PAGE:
Good AI is not only able to limit the unpredictability but also understand it, creating a probabilistic view of the forecast based on the individual uncertainty of each location, item, and day. The probabilities will change as the inputs change, producing a distribution that is information-rich, revealing for example the risks of under or over-ordering, which can then be used to fundamentally improve inventory management processes. When implemented in the retail supply chain, this allows for a deeper level of understanding when it comes to choosing the right times for offering certain products and promotions, as well as the right times for scaling back.


One of the biggest obstacles for AI adoption in the Middle East today is trust. People tend to wonder how they can put their trust in something they don’t fully comprehend. If it’s not understood how the machine works, then how can you possibly know what benefit it’s providing?

An example of bad AI is “Black Box” AI, a type of model that does not allow the user to conceptualise the reasoning. It’s essentially an impenetrable system that fails to offer human collaboration capabilities. To thoroughly evaluate and trust an AI solution, the model must follow a “Glass Box” AI composition, so that the machine’s thinking can be observed and understood. Today’s AI interfaces can, for example, graphically illustrate the impact of influencing factors such as promotions, social media, or weather, on predicted outcomes. This accelerates personal and organisational learning, building trust while improving results.


Probabilistic forecasts can be used to set the right levels of stock in every location to meet your business strategy, whether to maximise profit, reduce waste, manage distribution costs, or improve freshness. With hundreds of factors combining with tens of thousands of products over hundreds of locations, it is increasingly efficient to trust the machine to automate and reveal demand forecasts for every type of product at each store location. The depth of information provided by outcome automation solutions can add deeper layers of transparency and understanding that can be applied across the supply chain.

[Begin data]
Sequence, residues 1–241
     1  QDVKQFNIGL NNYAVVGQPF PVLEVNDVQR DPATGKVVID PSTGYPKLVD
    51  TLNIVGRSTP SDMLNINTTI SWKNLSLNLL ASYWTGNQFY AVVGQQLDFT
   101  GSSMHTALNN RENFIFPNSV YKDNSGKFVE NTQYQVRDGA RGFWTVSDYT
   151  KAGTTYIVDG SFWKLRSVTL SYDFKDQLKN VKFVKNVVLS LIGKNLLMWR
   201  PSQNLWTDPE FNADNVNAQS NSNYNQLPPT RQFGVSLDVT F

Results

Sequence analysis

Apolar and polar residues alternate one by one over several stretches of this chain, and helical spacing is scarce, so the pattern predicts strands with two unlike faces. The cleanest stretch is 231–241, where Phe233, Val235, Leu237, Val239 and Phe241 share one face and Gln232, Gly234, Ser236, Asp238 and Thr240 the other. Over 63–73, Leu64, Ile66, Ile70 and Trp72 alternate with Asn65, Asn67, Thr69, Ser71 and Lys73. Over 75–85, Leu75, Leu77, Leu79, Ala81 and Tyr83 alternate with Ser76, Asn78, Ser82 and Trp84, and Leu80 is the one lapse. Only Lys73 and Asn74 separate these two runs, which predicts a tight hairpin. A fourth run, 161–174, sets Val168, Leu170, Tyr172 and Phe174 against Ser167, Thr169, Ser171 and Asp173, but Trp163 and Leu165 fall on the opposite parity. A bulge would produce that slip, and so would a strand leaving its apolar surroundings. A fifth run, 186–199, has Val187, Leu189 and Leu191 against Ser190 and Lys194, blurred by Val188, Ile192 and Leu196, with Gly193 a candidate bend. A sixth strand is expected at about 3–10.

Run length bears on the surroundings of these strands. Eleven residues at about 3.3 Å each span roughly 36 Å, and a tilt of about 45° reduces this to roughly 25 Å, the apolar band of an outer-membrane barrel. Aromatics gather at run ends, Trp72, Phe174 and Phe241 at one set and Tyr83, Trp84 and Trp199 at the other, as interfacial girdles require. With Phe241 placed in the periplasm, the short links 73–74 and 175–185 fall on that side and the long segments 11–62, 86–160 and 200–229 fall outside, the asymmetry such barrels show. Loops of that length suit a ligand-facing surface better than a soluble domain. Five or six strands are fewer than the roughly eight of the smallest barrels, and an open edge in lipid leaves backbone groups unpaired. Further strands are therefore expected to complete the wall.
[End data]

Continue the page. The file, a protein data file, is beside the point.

AI solutions must be scalable so that they can be utilised widely and effectively. The “AI Chasm” is the void that sits between a demo and an actual, scalable, and self-learning solution that can be successfully deployed at a vastly larger level, interacting meaningfully with users. When it comes to the supply chain, implementing a robust AI model that crosses the chasm not only helps to keep things running, but AI also delivers real-time optimisations, understanding the latest impacts to optimise tasks and actions, minimising disruptions, delivering efficiency, profit, service, and competitive advantage.

Together, the five qualities that make up a “good” AI offering – Interconnected, Dynamic, Explainable, Automated, and Scalable – reveal the underlying need to inform business decision making with a precision and scale unattainable just a short time ago. This is a truly transformative outcome for the growth of both Middle East businesses and supply chain professionals.